Sara Hill nomination
Attorney General Gentner Drummond filed a challenge to the newly approved St. Isidore of Seville Catholic Virtual School on Friday, Oct. 20, 2023. (Provided)

When news nuggets rain, sometimes they pour. This week started off with a post detailing a slate of recent developments, and now it concludes with another roundup of Friday developments.

Below, learn about a new lawsuit filed to stop a state-sponsored religious charter school, two new appointees to the Oklahoma State Board of Education, and competing perspectives about President Joe Biden’s nomination of a former Cherokee Nation attorney general for a federal judicial position.

Stitt appoints new State Board of Education members

Gov. Kevin Stitt appointed Alex Gray, left, and Zach Archer, right, to serve on the Oklahoma State Board of Education on Friday, Oct. 20, 2023. (Provided)

On Friday afternoon, Gov. Kevin Stitt appointed two new members to the Oklahoma State Board of Education. One seat has been vacant since May, when Trent Smith resigned after serving more than two years on the board.

Stitt appointed foreign policy consultant Alex Gray to fill the seat vacated by Smith, which represents the 5th Congressional District. According to Stitt’s press release announcing his appointment, Gray was the chief of staff of the White House National Security Council under former President Donald Trump.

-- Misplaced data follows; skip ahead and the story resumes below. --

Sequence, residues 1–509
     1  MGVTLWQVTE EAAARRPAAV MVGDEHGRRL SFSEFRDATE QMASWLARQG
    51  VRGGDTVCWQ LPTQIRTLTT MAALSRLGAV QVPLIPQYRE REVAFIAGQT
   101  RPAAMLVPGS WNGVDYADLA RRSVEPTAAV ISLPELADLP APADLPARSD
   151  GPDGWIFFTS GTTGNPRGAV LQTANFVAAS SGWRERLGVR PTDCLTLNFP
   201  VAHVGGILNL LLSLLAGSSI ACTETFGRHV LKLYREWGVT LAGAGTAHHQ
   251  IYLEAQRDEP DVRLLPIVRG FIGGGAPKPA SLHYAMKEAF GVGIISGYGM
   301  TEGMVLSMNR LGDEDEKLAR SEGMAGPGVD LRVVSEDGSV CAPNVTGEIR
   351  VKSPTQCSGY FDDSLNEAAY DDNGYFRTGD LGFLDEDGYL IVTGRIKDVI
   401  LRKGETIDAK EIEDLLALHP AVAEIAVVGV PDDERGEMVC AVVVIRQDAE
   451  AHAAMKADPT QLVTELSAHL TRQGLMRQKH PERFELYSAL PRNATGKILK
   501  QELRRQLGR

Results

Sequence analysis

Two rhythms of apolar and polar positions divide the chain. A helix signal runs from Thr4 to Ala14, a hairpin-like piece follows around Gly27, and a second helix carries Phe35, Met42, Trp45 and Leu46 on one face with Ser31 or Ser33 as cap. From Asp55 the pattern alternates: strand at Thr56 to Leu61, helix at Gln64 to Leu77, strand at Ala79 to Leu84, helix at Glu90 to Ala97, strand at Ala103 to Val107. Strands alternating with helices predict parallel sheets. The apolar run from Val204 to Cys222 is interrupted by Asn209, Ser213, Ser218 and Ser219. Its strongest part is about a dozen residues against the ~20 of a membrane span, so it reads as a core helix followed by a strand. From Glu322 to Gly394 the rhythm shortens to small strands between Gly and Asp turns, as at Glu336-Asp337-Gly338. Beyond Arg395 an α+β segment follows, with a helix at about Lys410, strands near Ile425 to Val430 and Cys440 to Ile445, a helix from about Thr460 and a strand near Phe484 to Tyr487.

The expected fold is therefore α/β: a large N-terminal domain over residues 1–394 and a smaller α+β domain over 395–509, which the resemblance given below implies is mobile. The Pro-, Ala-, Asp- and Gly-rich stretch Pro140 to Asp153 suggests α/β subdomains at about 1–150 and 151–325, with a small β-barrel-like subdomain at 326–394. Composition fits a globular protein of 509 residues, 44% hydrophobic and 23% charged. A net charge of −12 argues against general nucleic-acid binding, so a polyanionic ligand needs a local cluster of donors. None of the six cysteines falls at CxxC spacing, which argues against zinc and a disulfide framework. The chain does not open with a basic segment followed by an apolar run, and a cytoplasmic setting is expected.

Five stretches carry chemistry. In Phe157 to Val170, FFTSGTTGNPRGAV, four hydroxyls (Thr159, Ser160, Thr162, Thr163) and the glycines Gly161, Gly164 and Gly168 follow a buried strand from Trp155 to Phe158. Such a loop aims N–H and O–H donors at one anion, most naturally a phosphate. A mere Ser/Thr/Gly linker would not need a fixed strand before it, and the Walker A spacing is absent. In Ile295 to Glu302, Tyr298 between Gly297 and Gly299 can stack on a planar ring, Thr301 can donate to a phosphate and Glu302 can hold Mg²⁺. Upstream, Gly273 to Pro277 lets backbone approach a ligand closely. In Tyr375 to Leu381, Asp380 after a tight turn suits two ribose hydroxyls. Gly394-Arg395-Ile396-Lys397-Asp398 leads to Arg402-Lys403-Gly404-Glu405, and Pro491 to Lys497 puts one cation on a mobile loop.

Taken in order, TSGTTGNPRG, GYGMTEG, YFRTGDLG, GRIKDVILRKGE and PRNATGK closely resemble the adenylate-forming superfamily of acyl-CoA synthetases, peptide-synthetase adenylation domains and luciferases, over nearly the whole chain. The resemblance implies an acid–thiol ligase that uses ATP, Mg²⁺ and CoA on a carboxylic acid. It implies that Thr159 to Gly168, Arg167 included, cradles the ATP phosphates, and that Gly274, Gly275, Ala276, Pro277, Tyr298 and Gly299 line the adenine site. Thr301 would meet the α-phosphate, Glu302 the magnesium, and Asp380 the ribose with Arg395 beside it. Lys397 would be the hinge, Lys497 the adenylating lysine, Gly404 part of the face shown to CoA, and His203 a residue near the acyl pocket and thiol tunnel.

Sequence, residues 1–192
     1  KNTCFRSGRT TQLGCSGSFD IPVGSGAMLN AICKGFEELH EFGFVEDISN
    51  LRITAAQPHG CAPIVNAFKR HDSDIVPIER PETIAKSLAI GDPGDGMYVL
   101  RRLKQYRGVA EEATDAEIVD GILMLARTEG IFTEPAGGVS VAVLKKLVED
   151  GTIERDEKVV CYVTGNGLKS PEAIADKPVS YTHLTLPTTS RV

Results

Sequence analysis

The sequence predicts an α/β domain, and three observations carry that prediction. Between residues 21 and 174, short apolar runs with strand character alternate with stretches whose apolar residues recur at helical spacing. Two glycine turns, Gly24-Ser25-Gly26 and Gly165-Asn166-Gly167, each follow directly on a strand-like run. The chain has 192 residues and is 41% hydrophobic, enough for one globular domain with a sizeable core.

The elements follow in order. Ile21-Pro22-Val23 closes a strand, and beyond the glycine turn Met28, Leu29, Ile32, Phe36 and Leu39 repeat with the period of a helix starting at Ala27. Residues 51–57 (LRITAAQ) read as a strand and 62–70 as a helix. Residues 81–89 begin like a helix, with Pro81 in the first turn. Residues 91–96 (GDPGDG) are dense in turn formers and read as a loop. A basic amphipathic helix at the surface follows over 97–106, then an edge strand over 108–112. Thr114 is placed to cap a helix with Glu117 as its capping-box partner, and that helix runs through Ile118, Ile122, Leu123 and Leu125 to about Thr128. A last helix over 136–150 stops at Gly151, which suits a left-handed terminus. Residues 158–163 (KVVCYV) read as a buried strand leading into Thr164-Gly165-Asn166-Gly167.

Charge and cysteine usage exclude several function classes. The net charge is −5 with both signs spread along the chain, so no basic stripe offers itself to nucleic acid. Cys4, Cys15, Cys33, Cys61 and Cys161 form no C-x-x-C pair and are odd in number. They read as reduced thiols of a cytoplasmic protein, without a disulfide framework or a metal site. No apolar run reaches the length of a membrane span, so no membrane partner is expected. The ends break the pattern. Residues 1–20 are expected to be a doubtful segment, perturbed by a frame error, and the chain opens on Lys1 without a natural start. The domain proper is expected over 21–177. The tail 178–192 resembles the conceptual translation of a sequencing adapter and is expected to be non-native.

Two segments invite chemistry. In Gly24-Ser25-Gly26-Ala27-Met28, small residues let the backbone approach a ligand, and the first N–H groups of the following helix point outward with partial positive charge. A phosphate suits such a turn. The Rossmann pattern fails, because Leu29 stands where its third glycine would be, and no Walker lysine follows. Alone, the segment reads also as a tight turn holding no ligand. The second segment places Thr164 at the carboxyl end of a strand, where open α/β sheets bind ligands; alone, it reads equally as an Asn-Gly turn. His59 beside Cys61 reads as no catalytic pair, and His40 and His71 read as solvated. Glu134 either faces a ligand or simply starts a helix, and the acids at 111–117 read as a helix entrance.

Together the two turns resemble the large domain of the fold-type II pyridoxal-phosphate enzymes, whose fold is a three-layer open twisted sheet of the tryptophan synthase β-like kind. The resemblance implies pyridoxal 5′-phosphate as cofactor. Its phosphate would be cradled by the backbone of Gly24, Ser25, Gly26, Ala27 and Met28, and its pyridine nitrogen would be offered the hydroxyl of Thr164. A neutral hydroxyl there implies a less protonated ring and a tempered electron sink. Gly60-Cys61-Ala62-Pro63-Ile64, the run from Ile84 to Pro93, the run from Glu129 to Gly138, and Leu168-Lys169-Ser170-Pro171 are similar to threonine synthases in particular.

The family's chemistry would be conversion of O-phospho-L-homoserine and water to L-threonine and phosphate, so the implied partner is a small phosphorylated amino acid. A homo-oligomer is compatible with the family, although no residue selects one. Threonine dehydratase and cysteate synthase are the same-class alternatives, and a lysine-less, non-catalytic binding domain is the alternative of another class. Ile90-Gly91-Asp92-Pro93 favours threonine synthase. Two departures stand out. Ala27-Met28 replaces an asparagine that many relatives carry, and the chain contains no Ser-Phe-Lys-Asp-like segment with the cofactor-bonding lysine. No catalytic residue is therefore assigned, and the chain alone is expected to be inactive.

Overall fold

“It’s an honor to be appointed to the Oklahoma State Board of Education,” Gray said in the release. “I believe the future of our country is in Oklahoma classrooms, and I’m eager to work with my fellow board members to ensure that every Oklahoma student has the opportunity to live their American dream.”

Currently, Gray is the managing partner at American Global Strategies, an international consulting and strategy advisory firm that he co-founded. Gray is also a senior fellow in national security affairs at the American Foreign Policy Council and a senior advisor at The Marathon Initiative.

According to the American Global Strategies website, Gray previously served as the special assistant to the president for the defense industrial base at the National Economic Council and was the principal executive officer of the president, making him responsible for matters impacting the defense and manufacturing industrial base. While at the NSC, Gray served as the first-ever director for Oceania and Indo-Pacific Security.

Gray also ran for former U.S. Sen. Jim Inhofe’s seat in the 2022 election, but he lost in the Republican primary with less than 1 percent of votes.

Stitt appointed Zach Archer to replace Suzanne Reynolds as the at-large board member. Reynolds resigned Oct. 11.

Archer is a financial advisor and investor. He was serving as the vice president of the Hammon Public Schools Board of Education prior to his new appointment, and he is the managing director of Great Plains Investment Services.